Virginia Tech Has a Wide Receiver Problem
Virginia Tech has a wide receiver problem.
It's evident - available for all to see - and I'm not sure it's going to get better anytime soon.
Virginia Tech's passing game has struggled all year long, but criticism has been thrown by the wayside, in large part due to the Hokies having one of the most potent rushing offenses in college football.
But after Virginia Tech's shocking, ugly, no-good 23-16 defeat at the hands of Wake Forest on Saturday, we can no longer be silent about the state of the Hokies' passing game.
It's bad, and I'm not sure how it gets better anytime soon.
The easy target from Saturday's performance is veteran quarterback Hendon Hooker. Hooker played his worst game as the starting quarterback, and is certainly not without blame for the loss. Hooker threw an inaccurate pass in the red zone before halftime, a back-breaking interception that sucked the life out of the Hokies just before the intermission. This followed a 17-play, 75-yard, SEVEN minute touchdown drive by the Demon Deacons in which the Tech defense surrendered three separate fourth down conversions. The Hokies' offense needed points, and should have had a minimum of three points before the halftime. That was on Hooker.
Further, Hooker threw a brutal interception over the middle of the field in the third quarter. In his worst throw of the day, Hooker made the cardinal sin of quarterback play, missing high over the middle of the field. Wake Forest defensive back Nick Andersen made his second of three interceptions on the day, crushing Tech's offensive momentum after a Wake Forest field goal extended the Demon Deacons' lead to 20-10 in the third.
Hooker was never comfortable in the pocket, and he's not without blame for the loss.
However, there are far too many occasions where Virginia Tech's wide receivers are simply not getting open. Sure, Hooker has missed an open guy here and there over the last couple weeks since returning to the starting lineup, but there should be far more blame placed on the wide receiver corps' inability to separate at the line of scrimmage. The wide receivers just haven't gotten open consistently enough over the first five games of the season.
The problem is, I'm not sure where the reinforcements will come from.
Tre Turner isn't healthy. I'm not sure what the ailment is that's causing him issues, but there have been rumors circulating about it being a lower body issue for Turner. This would explain a lot, given his regression as a route runner through the first half of the 2020 season.
Tayvion Robinson has been split out wide as the team's top wideout in most single-receiver sets this season, but hasn't been able to consistently get open. Playing out wide instead of in the slot is new to Robinson, and fighting out of press coverage from some of the conference's best DBs has proven to be a tough adjustment for Robinson thus far.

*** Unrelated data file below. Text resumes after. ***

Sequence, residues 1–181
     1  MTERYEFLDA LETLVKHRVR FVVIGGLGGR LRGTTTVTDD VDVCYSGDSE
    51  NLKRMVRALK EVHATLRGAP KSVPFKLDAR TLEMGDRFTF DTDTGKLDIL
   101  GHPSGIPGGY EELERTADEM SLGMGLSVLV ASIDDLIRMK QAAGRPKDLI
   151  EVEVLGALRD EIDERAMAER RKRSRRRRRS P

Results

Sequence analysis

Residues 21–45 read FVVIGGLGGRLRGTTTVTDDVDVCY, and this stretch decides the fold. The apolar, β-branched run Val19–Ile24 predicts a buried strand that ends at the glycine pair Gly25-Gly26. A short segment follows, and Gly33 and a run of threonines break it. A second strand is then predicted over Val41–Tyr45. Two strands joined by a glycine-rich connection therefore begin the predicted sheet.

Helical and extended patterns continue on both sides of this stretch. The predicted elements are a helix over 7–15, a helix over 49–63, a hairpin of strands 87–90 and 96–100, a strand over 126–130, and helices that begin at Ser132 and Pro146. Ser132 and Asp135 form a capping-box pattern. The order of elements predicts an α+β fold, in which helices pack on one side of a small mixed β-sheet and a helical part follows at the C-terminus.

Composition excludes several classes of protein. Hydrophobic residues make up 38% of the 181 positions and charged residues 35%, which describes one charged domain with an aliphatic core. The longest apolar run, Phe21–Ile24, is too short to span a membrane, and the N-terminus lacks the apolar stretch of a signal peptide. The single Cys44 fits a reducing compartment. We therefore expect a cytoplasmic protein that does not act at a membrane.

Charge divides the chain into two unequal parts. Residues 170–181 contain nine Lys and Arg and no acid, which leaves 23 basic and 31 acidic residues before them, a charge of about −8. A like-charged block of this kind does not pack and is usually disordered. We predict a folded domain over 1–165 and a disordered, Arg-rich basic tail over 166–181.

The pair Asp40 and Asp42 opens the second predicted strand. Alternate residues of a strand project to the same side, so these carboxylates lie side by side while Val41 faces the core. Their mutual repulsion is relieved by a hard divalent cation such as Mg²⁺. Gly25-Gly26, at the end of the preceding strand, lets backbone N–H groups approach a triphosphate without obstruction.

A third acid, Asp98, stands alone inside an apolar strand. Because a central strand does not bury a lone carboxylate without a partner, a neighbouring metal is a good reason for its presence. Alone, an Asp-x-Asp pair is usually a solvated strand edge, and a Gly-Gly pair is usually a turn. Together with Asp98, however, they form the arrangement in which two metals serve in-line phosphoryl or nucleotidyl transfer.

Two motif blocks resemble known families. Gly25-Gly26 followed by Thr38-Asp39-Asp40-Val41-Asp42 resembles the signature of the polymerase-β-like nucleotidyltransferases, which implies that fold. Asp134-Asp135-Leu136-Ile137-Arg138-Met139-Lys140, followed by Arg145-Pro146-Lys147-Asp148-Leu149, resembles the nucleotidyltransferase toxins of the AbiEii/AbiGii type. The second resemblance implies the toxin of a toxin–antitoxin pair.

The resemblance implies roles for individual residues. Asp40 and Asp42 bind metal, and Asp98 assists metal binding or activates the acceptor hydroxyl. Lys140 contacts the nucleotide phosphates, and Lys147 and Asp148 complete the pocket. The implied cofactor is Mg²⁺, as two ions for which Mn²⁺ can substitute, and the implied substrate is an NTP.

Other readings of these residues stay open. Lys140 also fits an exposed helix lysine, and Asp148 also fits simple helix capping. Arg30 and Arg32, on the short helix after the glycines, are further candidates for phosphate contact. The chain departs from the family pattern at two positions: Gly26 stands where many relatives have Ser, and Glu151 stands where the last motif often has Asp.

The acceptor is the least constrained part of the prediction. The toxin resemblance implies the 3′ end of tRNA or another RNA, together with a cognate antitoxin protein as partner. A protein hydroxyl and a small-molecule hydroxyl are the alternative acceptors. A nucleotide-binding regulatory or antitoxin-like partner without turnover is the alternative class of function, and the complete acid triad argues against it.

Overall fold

Kaleb Smith was one of the surprise contributors to the 2019 Hokies, and continues to catch everything thrown his way. The problem is that it's rare that he's open. He's a decent route runner, but lacks elite speed, so he needs to continue to improve that facet of his game in order to become the best version of himself.
Changa Hodge and Evan Fairs - two transfers from Villanova and Kansas, respectively - have not fully gotten up to speed given the COVID-shortened offseason and late arrival times of the duo to the program. Maybe they make more of an impact down the line, but to date, we haven't seen it.
Damon Hazelton jettisoned from the program to make his third collegiate stop at Missouri, and the guy who was hyped up to replace his production as a big-bodied, "50-50" jump ball receiver, Jaden Payoute, is out indefinitely with a broken foot.
Tech's passing offense right now is fully reliant upon the pride of Big Stone Gap, Virginia - tight end James Mitchell. Outside of running back Khalil Herbert, Mitchell has been Tech's top skill position player, and has done his part both as a receiver and as a blocker. As good as Mitchell is (and he's one of the top tight ends in the country), he can't save the passing offense by himself.
For the passing game to improve, the receivers need to either do a better job of getting open themselves, or the passing game needs to get better schematically to help the receiving corps separate at the line of scrimmage.
And as always, the remedy is likely somewhere in the middle.
For now though, the receiving corps is struggling, and there's no end in sight. Improvement in this facet of the offense is paramount for Tech to reach its ceiling. Otherwise, we can expect similar performances offensively to Saturday against Wake Forest when teams find a way to take Tech's strength away in the running game.